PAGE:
M-Learning & The Evolution of HTML

by Lee Reilly, Senior Web Designer

HTML5 logo

My first real foray into the realm of coding over a decade ago pertained to making a text box on my page a solid colour, positioning it to the right and making the text white. After much musing (by which I mean searching around the internet) I fumbled a solution and had inadvertently coded something! In this case it was a <div> container to hold my text, which was aligned right and coloured accordingly. The beginnings of my first HTML site, though perhaps not as grand as I might have liked.

Over the years my HTML and CSS skills have improved, as has my understanding of the underlying processes involved. With the upcoming publication of the highly anticipated HTML 5 specification I find myself feeling like I did over a decade ago; is the difference between HTML 4 and 5 so great that I must start creating little text boxes on a page again in order to understand this new version?

The answer, mercifully, is no. HTML 5, in its simplest form, is a revised version of HTML 4. Sure, it has the ability to be so much more, but it does not have to be. I could take the latest project I am working on, amend line 1 to <!DOCTYPE html> and I would have an HTML 5 project. I would obviously not do that as it would be cheating and not advisable for compatibility of content within that project.

The real power of HTML5
The real power of HTML 5 (and CSS 3) comes from the improvements within. HTML 5 is created to improve the interoperability of HTML based documents. This means it is designed to work across multiple platforms and software setups. Numerous elements have been added such as <article>, <header>, <footer> and <section> to make the lives of developers easier. If nothing else these new elements reduce the quantity of <div> elements required for layout. These and other elements have been created to help add meaning to the content within. An example of this would be creating a news article:

In HTML 4 I might create something like:

<div class=”newsarticle”>
<h2>Why am I making this site in HTML4?!</h2>
<p class=”newsdate”>09-12-11</p>

In HTML 5 this could be created as:

<h2>HTML 5: That’s the ticket!</h2>

The benefits to creating this in HTML 5 are two-fold. First, there is less coding involved. Second, and more importantly, the elements used are created for the purposes illustrated; <article> is used for independent, self-contained content and <date> is used for defining dates and times. The freedom that HTML 5 allows in creating element names might at first make it appear to be less structured and potentially more prone to variation between developers. What this flexibility does, when combined with new elements and attributes, is allow for greater control of structure.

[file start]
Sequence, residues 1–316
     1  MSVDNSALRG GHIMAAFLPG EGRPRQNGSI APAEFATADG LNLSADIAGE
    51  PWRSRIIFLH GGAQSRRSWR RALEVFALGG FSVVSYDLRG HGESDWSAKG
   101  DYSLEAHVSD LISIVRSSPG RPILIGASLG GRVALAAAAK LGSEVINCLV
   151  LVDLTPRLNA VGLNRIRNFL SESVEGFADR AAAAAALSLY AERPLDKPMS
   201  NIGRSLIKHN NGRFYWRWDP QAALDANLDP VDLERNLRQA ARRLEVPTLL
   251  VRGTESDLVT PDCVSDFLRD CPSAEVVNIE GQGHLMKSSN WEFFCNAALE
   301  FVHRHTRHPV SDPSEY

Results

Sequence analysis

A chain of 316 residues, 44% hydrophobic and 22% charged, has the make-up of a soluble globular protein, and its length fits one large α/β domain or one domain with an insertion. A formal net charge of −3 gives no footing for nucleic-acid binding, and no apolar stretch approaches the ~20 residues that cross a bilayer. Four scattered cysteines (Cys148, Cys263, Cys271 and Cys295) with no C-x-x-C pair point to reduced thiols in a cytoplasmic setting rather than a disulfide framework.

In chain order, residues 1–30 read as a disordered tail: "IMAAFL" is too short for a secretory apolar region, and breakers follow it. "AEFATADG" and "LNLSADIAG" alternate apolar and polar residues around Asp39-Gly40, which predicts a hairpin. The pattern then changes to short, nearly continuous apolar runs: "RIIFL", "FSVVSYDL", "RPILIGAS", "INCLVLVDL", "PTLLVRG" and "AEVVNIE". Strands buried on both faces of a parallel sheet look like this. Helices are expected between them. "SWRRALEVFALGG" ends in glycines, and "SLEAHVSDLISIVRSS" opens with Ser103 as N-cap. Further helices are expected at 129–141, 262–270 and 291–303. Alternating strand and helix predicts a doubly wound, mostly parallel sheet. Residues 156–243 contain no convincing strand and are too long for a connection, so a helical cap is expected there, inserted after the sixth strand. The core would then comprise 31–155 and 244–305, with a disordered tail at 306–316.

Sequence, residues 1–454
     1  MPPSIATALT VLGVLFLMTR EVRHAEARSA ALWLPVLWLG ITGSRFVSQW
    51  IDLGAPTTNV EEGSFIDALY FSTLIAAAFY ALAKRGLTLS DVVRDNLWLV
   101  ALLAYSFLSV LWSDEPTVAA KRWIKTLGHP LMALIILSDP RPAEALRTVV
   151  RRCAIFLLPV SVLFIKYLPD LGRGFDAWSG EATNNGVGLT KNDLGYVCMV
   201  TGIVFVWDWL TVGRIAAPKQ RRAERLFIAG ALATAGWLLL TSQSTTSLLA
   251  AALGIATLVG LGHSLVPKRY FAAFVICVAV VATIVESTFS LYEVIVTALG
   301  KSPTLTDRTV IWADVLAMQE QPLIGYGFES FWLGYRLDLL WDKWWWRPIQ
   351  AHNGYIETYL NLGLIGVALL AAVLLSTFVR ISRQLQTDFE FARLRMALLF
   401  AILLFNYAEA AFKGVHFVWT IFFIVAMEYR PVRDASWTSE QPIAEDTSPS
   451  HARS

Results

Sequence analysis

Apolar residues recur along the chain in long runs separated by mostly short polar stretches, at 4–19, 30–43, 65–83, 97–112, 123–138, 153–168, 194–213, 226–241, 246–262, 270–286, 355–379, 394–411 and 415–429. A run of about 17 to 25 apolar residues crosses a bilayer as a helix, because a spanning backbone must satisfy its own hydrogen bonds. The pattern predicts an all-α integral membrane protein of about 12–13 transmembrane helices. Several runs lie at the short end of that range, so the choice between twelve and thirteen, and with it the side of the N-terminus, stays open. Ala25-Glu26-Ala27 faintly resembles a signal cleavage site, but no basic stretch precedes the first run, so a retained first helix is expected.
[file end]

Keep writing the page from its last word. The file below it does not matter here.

Can it make a difference?
Everything mentioned above give HTML 5 the potential to improve the way websites and web apps are built. The real power of  HTML 5, however, comes from its integrated Application Programming Interfaces, or APIs. They have been designed to make developing web apps easier across multiple platforms. These include new APIs for audio and video, which will act to provide a uniform (and non-flash based) approach to getting rich media easily on to the web. Great in theory but these are still a long way off being perfect. In its current incarnation, HTML 5 has no full cross-browser support for video file formats. This means if you were to use the <video> element in a project today you would need to encode your video as both mp4 and ogg file formats to ensure all modern browsers would play them; a large overhead to say the least.

When evaluating how good HTML 5 is we must consider that it is still only a draft specification and elements and attributes are still subject to change. That said, it has the potential to deliver on numerous fronts and the thought of a fully interoperable web app or website across numerous platforms, complete with rich media and animation without the need for user-installed plugins makes its success all the more appealing. So much so that we have already begun project work using HTML 5. These E-learning projects have been designed to work cross-platform, from the traditional desktop E-learning to tablets and smartphones (so called M-learning or mobile learning). The benefit of using HTML 5 as the backbone is that the same pages are served up to each platform, the only difference being how they are styled. This technique of catering for different platforms using the same pages is called responsive design.